By Connie Duffy
Whether its curiosity, something you’ve always promised yourself you would do, a gesture of respect to our ancestors or a search for something more spiritual then the Beltany Stone Circle is the place to be this Saturday morning.
This Neolithic stone circle (800 – 1400BC) just a mile from Raphoe attracts all sorts of people to mark the Summer Solstice and 2014 is expected to be no different
The solstice heralds the beginning of summer in the Northern Hemisphere and people are expected there just before daybreak.
After driving the winding road and finding Beltany Hill you walk through a country lane beside a forest to the summit of Beltany Hill, where you find of the finest stone circles in Ireland.
For thousands of years the landscape around Raphoe has been an important centre of ritual practice, a place of worship to where pre Christian ancestors came to pay homage to their spiritual rulers - the Sun and the Moon.
Reputedly older than Stonehenge, this stone circle comprises of 64 standing stones but it is thought that there may have been originally 80 stones. One of the stones which is about two metres in height stands to the southeast of the circle. It probably had some function related to the pagan ceremonies held in the circle.
The stones range in height from 4ft to 9 ft (1.2-2.7 metres) while the diameter of the circle is 145 ft (44.2 metres).
To the S E of the circle is a standing stone 6ft (2 metres) high. Beltany is a corruption of Baal tine, the fire of Baal; this suggests that the inhabitants of this area worshipped Baal, the sun god, and ruler of nature. Tradition tells us that the principal ceremonies were performed at the summer solstice; a sacred fire was lit in the centre of the circle of stones, which represented the stars and fire of the sun god Baal.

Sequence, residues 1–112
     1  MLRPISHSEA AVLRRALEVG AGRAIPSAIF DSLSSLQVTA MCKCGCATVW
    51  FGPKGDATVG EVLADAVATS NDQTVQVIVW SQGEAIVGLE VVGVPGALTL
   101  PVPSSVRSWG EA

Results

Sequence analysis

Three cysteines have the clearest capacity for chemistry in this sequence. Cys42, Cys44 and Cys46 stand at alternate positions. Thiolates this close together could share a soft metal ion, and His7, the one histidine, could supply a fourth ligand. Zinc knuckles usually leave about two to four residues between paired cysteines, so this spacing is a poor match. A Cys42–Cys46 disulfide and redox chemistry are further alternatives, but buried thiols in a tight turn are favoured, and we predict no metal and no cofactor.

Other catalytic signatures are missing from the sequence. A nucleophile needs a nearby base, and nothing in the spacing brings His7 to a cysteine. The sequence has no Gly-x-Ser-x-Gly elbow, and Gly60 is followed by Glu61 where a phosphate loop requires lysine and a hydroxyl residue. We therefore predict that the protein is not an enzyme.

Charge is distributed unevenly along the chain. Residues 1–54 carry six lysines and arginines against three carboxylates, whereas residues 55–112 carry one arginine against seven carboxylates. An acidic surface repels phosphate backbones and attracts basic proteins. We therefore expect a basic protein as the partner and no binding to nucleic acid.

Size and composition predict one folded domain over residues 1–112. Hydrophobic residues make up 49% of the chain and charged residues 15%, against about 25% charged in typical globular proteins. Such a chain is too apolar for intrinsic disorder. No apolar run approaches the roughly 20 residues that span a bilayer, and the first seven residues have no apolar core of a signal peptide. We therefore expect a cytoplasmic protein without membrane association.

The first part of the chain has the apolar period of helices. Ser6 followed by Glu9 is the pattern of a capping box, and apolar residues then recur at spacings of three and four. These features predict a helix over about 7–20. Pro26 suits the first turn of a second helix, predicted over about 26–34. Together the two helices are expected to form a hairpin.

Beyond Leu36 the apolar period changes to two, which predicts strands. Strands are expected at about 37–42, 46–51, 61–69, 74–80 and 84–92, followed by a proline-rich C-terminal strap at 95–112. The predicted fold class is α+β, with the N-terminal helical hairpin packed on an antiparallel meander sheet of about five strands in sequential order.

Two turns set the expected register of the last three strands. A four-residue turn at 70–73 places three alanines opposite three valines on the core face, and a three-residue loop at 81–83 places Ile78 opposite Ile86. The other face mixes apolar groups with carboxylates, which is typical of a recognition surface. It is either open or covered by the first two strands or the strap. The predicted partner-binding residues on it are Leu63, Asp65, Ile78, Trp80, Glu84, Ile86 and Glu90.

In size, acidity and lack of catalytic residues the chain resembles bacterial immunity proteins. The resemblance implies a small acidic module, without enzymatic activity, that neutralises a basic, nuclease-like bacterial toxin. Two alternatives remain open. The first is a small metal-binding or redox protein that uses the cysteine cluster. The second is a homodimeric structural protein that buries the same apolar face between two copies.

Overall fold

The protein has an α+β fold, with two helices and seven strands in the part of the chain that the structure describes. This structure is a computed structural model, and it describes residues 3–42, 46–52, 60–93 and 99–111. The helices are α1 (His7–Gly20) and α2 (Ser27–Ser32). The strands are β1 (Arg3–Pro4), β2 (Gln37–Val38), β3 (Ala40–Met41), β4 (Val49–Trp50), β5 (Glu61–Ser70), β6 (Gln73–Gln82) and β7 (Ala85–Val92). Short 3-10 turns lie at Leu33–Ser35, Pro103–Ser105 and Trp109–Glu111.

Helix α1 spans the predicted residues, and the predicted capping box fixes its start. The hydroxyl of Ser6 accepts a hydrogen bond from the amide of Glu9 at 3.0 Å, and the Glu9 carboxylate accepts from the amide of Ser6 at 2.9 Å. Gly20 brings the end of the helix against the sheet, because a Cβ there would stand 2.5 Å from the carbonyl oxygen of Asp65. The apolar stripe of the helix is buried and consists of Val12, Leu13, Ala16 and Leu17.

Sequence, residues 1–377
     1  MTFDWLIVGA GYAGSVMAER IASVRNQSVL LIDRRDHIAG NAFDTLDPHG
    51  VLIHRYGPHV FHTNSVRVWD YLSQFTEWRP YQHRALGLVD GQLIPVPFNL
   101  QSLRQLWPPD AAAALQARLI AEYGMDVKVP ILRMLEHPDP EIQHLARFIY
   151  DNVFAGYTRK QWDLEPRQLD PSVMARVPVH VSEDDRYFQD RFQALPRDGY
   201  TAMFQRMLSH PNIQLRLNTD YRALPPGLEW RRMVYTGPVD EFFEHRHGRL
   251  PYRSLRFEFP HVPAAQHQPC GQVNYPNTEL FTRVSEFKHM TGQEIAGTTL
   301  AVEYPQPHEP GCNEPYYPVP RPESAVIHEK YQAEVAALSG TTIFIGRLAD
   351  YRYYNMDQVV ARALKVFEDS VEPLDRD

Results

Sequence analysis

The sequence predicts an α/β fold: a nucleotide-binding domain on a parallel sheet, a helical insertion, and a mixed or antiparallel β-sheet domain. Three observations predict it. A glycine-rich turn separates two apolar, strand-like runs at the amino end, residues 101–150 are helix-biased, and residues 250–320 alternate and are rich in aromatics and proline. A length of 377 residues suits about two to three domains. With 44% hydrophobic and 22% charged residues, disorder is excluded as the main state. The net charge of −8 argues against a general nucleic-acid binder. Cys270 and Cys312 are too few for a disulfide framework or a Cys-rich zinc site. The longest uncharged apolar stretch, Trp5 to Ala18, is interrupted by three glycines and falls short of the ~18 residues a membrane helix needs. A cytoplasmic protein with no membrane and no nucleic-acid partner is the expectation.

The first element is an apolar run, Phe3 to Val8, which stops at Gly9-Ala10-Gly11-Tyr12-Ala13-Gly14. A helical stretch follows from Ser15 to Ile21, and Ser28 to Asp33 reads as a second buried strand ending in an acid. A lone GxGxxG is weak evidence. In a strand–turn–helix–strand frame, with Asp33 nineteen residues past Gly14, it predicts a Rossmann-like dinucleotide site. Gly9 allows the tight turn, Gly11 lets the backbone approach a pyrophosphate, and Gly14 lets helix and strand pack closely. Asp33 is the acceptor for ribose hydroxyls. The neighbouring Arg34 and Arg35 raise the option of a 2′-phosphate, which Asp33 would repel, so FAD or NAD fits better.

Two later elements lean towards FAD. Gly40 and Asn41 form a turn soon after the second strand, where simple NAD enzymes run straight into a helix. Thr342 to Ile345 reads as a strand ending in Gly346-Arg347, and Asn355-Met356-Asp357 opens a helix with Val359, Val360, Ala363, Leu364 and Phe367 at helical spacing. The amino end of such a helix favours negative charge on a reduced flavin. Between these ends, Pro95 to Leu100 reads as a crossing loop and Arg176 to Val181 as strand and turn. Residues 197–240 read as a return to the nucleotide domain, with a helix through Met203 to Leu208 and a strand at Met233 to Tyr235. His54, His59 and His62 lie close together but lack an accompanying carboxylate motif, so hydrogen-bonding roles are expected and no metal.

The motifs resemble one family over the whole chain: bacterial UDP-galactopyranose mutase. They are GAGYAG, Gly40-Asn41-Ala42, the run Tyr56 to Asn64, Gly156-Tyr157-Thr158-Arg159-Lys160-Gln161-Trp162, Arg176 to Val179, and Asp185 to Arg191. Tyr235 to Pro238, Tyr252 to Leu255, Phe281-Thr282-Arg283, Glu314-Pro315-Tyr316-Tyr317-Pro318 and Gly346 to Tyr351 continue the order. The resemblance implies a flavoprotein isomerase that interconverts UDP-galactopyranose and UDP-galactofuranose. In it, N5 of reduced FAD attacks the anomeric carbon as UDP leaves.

Others believe that this arrangement of stones as well as other features of the adjacent horizon were used by these ancient peoples to determine astronomical alignments; various alignments have been pointed out including the winter and summer solstices, the spring and autumn equinox and the early November sunrise marking the beginning of the Celtic festival of Samhain. However the most persuasive alignment must be from the tallest stone at the S W to the triangular stone decorated with cup marks at E N E.
This alignment points to a small hill about five miles away known as Tullyrap, where the sun rises over its small summit in the first day of May, the Celtic festival of Bealtine from which this stone circle gets its name.
A number of years ago the Raphoe Community in Action group, with funding from the Heritage Council of Ireland was involved in an archaeological research project at the Beltany Stone Circle. The aim was to ascertain if this enigmatic monument was a great passage tomb, a ritual site for the celebration of the changing seasons, or an astronomical calendar for neolithic farmers. The group also hosted a weekend conference: ‘Beltany – rediscovering an ancient landscape’ in which leading archaeologists and historians presented their views in a journey of discovery from the earliest times to the early Christian period.
The name Beltany is derived from the word Beltane which is linked to the Celtic festival of fertility. This festival was usually held in May the Irish for which is Bealtaine. It is said that on the first day of Bealtaine two fires were lit and the animals were driven between the fires. This was done to protect the animals from diseases, to promote regeneration and also to pay homage to sun god Baal for the following season.
The surrounding landscape is dotted with standing stones, and the ruins of passage tombs where the cremated dead were placed.
The area is dominated by Croaghan Hill where it is said the Milesian warrior Magh Itha is buried on the summit in a passage tomb.
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